Trouble in Mind is a song that has been around the block a time or two. It was written by a jazz piano player named Richard M. Jones and recorded first in 1924 by Themla La Vizzo (vocals) and Jones on piano.
Here’s an old-time version by the Locust Honey String Band…
Jerry Lee Lewis does a great version….
It works as a Western Swing tune too. Here are Bob Wills and his Texas Playboys.
And it’s a pure blues…Big Bill Broonzy
At one time I listened to a lot of blues music. Back in the early 80s when I was in university, I would go into the listening room at the York U library and sign out all sorts of obscure blues records, and sit down at one of the listening stations – each one of them had a turn-table and head-phones, and listen while I worked on assignments (some days I may have done more listening and less working).
I was attracted to blues that emphasized the song and the groove and I was never much interested in extended blues guitar solos. Over the years, my musical tastes changed quite a bit, and I found myself listening to less and less blues, but still there are some performers who get my attention anytime I hear them. T-Model Ford is one of those. Ford was born in the early 20s and passed last summer. He didn’t start a musical career until he was in his early 70s. Here are a few performances I really enjoy, found on YouTube…
Remember Country & Western music? Somewhere along the way the “Western” part disappeared and everything went to hell. Let’s listen to some vintage Ernest Tubb…
And here’s Floyd Tillman Drivin Nails in my Coffin…
Remember Lefty Frizzell? Saginaw Michigan…
Let’s close with the Pavarotti of the Plains, the most excellent Don Walser singing his signature tune Rolling Stone from Texas. (Warning: contains awesome yodelling)
As most of you know, I enjoy all kinds of musical instruments. The Chemnitzer Concertina is one that is on my list to learn one day. It’s a free reed instrument like an accordion, it’s diatonic and it’s bisonoric. Diatonic only means that it’s tuned to a particular scale so it has some built-in structural limitations which help give the instrument its character. Bisonoric means that you get one note when you depress a button and push air through the bellows but a different note when you pull air through the bellows. In that way, with the bass and chords on the left and the melody notes on the right, it’s sort of like a diatonic button accordion. It’s really closer to a bandonion though than any other instrument I can think of. In this next video you can see a tango orchestra with a row of bandonion players. The tune is La Cumparsita, perhaps the most famous of the tangos and this video is fantastic.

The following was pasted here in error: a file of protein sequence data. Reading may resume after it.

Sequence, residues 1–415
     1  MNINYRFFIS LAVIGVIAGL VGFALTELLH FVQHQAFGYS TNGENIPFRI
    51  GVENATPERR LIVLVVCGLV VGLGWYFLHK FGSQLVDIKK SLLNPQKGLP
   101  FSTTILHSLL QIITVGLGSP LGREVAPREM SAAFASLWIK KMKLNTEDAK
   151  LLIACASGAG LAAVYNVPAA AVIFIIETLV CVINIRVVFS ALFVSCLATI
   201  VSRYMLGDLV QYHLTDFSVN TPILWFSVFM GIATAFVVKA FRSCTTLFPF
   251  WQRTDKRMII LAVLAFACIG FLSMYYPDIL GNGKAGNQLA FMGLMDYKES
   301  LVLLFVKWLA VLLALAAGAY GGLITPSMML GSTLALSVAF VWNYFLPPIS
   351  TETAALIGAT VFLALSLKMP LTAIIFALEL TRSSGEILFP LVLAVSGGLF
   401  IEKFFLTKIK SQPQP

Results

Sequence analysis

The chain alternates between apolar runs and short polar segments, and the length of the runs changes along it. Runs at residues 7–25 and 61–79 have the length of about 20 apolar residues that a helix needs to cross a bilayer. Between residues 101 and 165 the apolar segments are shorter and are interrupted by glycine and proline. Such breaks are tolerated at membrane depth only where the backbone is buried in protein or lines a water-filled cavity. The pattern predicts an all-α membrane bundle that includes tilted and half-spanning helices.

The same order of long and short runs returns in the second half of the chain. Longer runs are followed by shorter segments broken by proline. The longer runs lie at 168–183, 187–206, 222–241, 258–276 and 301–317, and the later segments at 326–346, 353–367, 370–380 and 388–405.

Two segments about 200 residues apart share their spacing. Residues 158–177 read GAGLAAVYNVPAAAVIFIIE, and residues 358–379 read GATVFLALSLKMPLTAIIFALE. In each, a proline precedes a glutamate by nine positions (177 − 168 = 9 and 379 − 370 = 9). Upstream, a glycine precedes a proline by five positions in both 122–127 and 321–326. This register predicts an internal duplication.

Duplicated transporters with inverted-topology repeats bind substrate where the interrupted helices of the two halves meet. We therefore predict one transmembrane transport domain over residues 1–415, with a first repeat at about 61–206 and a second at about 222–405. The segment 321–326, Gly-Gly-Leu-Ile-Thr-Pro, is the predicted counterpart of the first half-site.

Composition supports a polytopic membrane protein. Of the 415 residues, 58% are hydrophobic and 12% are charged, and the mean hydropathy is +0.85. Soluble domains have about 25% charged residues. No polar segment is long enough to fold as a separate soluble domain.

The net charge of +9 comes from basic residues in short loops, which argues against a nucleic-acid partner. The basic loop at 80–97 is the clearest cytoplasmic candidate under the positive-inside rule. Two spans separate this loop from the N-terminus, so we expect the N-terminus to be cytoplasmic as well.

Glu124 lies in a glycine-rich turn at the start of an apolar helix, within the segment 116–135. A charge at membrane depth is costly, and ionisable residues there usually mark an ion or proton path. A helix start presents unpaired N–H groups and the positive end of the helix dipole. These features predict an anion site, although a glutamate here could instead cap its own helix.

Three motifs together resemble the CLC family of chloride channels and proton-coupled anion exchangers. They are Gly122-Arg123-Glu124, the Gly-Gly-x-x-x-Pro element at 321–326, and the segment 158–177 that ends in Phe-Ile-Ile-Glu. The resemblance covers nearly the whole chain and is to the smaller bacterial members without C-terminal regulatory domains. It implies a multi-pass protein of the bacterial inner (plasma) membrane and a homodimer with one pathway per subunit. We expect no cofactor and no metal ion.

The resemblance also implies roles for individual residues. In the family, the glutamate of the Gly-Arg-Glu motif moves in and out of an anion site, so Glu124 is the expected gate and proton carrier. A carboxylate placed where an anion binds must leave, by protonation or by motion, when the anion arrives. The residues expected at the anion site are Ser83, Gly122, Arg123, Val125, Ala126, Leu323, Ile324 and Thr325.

Quite a number of American polka bands use Chemnitzer concertina as a key melody instrument. In those bands the accordion is treated as a rhythm instrument and the accordionist shakes the bellows to drive the beat. A good example of this type of instrumentation is one of my fave polka bands, a group from buffalo called The Dynatones. Sometimes this group has been referred to as Scrubby and the Dynatones. Scrubby is Dave “Scrubby” Seweryniak, and he played the Chemnitzer concertina and sang for this group for many years.
Here they are performing Blondie’s Polka…
The following video I’ve posted before but it’s so good it deserves a little more attention. It’s from 1966 and features Li’l Wally on concertina playing Johnny’s Knocking on the Lawrence Welk television show – sung in both Polish and English
What’s better than one Chemnitzer concertina player? Two in one band of course. This features Jerry Minar and Dale Pexa on concertinas and this combo even has a banjo player!
I love this performance of Old Bunch of Keys by Chicken Train. These guys really cook. Found this on the YouTube machine posted by Dean Barber.
As you know friends, I like all kinds of folk music, but some days I just need a little ukulele rock ‘n’ roll.
Here are some tunes perfo.rmed by Gus and Fin from Scotland. Let’s start with Judy is a Punk. And follow that up with Surfin’ Bird, I wanna be your boyfriend, and I wanna be Sedated.
There, that’s better.
If not, it’s about time I did. He’s got a lot happening if you ask me. Here is Pokey Lafarge with his very hot band performing Sadie Green…
and how about Going back to Arkansas, featuring Dom Flemons, who you may know from the original line-up of the Carolina Chocolate Drops…
…and finally a solo performance of one of his own tunes, Josephine
We found some great fuel for the time machine this afternoon at Nice Old Stuff – a recording by Hank Barns and the Country Squires with Calls by Smilin’ Ed Hayes, called Swing your Partners. Cuts include:
Arkansas Traveler; Birdie in the Cage; Bile that Cabbage; Ocean Wave; D&A Reel; Caballero; Red River; Duck for the Oyster; Tennessee Wagoneer; Darling Nellie Gray and Jitterbug. It was recorded in 1957. Fantastic!
Here’s Red River
By the way, the photo to the left of the album cover is the wonderful Ellie Mae.
I was surprised when I came across this video. I know Cedric Watson as a button accordion and fiddle player. Turns out he plays banjo too. Here he is playing a gourd banjo.
Here is Cedric Watson playing button accordion…
I’ve been listening David Bromberg’s music quite a lot lately. I really appreciate how eclectic he is, rambling all over the music landscape. He’s a wonderful guitarist and he plays other instruments such as mandolin as well. Here’s a live performance of You’ve got to Mean it Too, which is on his Only Slightly Mad recording. What a beautiful tune. This is from eTown, shared from the YouTube.
I highly recommend Mr. Bromberg’s recordings, and particularly his last two, Only Slightly Mad and Use me.